Based on kernel version 3.15.4. Page generated on 2014-07-07 09:04 EST.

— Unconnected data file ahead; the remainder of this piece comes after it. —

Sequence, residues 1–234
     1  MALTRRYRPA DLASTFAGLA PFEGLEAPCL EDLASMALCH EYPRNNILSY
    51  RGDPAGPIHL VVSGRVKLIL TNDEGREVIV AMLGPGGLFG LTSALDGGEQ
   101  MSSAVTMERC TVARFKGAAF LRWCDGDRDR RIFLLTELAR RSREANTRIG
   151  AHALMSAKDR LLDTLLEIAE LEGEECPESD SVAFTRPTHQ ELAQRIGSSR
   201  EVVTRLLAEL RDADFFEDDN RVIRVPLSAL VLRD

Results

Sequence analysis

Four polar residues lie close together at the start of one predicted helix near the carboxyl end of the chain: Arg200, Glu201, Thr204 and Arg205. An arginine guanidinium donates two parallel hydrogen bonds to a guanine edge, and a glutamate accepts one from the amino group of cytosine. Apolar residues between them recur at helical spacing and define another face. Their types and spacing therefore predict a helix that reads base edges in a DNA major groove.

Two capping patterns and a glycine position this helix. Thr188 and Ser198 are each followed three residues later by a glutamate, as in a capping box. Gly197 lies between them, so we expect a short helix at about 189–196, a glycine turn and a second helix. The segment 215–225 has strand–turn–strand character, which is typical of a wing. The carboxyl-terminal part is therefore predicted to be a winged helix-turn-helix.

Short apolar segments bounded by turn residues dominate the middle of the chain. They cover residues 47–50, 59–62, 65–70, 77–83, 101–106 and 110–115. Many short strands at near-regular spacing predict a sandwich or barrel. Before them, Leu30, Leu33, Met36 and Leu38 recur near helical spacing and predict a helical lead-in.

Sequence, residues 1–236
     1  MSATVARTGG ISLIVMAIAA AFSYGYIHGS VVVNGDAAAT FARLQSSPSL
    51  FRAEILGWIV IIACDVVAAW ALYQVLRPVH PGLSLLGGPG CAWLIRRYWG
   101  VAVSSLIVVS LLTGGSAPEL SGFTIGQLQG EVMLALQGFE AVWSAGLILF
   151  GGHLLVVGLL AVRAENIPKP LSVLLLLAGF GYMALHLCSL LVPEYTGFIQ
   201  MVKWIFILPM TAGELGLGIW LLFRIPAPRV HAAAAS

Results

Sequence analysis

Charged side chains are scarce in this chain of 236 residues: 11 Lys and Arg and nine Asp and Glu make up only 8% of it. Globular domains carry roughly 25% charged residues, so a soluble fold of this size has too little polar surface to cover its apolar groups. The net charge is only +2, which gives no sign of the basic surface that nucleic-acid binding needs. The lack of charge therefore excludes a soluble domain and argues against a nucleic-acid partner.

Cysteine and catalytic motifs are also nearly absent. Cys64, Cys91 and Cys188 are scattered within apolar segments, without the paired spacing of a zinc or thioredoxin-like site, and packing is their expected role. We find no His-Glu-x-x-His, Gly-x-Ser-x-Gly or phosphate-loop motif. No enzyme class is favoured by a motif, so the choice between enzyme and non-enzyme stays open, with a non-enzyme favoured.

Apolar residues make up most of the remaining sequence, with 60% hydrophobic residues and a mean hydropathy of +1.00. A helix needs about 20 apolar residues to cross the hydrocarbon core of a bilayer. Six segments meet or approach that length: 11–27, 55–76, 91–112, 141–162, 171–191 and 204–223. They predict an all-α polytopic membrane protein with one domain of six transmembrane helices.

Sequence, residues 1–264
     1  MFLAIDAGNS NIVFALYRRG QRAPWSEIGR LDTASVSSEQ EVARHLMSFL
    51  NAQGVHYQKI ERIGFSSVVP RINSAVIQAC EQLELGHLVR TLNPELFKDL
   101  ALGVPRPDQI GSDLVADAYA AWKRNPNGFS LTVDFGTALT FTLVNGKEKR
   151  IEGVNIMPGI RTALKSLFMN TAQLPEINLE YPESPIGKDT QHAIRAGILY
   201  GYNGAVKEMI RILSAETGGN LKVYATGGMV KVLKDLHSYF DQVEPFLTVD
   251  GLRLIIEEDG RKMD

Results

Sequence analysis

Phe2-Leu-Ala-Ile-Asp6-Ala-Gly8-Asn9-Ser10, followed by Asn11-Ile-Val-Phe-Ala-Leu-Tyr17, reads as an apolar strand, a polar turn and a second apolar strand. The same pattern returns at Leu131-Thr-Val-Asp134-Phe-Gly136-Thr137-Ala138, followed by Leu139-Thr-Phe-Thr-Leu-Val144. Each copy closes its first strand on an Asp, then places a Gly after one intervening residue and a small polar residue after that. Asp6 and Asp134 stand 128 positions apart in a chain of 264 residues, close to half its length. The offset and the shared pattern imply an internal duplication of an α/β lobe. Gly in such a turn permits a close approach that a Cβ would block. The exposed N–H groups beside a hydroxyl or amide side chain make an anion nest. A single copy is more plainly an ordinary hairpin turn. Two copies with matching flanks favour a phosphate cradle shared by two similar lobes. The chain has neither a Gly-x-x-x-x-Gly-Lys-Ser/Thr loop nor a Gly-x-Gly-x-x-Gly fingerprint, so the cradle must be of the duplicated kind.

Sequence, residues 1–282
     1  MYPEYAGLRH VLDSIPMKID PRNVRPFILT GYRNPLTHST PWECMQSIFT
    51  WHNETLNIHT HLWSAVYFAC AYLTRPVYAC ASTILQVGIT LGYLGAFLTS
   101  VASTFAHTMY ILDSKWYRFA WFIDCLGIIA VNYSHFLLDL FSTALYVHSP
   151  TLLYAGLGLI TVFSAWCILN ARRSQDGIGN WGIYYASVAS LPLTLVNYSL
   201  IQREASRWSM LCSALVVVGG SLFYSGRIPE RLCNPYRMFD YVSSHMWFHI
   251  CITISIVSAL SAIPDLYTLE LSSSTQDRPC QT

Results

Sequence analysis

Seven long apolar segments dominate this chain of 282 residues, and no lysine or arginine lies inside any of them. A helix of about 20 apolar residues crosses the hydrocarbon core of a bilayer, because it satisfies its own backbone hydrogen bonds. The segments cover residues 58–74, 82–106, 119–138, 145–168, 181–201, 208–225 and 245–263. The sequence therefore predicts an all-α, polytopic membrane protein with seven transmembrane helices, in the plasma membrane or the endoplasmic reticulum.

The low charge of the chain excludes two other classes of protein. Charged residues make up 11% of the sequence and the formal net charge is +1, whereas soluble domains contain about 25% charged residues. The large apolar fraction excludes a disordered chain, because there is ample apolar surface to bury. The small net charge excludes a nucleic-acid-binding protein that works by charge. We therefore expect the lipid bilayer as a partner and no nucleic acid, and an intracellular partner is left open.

1 2 System Power Management States 3 4 5 The kernel supports four power management states generically, though 6 one is generic and the other three are dependent on platform support 7 code to implement the low-level details for each state. 8 This file describes each state, what they are 9 commonly called, what ACPI state they map to, and what string to write 10 to /sys/power/state to enter that state 11 12 state: Freeze / Low-Power Idle 13 ACPI state: S0 14 String: "freeze" 15 16 This state is a generic, pure software, light-weight, low-power state. 17 It allows more energy to be saved relative to idle by freezing user 18 space and putting all I/O devices into low-power states (possibly 19 lower-power than available at run time), such that the processors can 20 spend more time in their idle states. 21 This state can be used for platforms without Standby/Suspend-to-RAM 22 support, or it can be used in addition to Suspend-to-RAM (memory sleep) 23 to provide reduced resume latency. 24 25 26 State: Standby / Power-On Suspend 27 ACPI State: S1 28 String: "standby" 29 30 This state offers minimal, though real, power savings, while providing 31 a very low-latency transition back to a working system. No operating 32 state is lost (the CPU retains power), so the system easily starts up 33 again where it left off. 34 35 We try to put devices in a low-power state equivalent to D1, which 36 also offers low power savings, but low resume latency. Not all devices 37 support D1, and those that don't are left on. 38 39 40 State: Suspend-to-RAM 41 ACPI State: S3 42 String: "mem" 43 44 This state offers significant power savings as everything in the 45 system is put into a low-power state, except for memory, which is 46 placed in self-refresh mode to retain its contents. 47 48 System and device state is saved and kept in memory. All devices are 49 suspended and put into D3. In many cases, all peripheral buses lose 50 power when entering STR, so devices must be able to handle the 51 transition back to the On state. 52 53 For at least ACPI, STR requires some minimal boot-strapping code to 54 resume the system from STR. This may be true on other platforms. 55 56 57 State: Suspend-to-disk 58 ACPI State: S4 59 String: "disk" 60 61 This state offers the greatest power savings, and can be used even in 62 the absence of low-level platform support for power management. This 63 state operates similarly to Suspend-to-RAM, but includes a final step 64 of writing memory contents to disk. On resume, this is read and memory 65 is restored to its pre-suspend state. 66 67 STD can be handled by the firmware or the kernel. If it is handled by 68 the firmware, it usually requires a dedicated partition that must be 69 setup via another operating system for it to use. Despite the 70 inconvenience, this method requires minimal work by the kernel, since 71 the firmware will also handle restoring memory contents on resume. 72 73 For suspend-to-disk, a mechanism called 'swsusp' (Swap Suspend) is used 74 to write memory contents to free swap space. swsusp has some restrictive 75 requirements, but should work in most cases. Some, albeit outdated, 76 documentation can be found in Documentation/power/swsusp.txt. 77 Alternatively, userspace can do most of the actual suspend to disk work, 78 see userland-swsusp.txt. 79 80 Once memory state is written to disk, the system may either enter a 81 low-power state (like ACPI S4), or it may simply power down. Powering 82 down offers greater savings, and allows this mechanism to work on any 83 system. However, entering a real low-power state allows the user to 84 trigger wake up events (e.g. pressing a key or opening a laptop lid).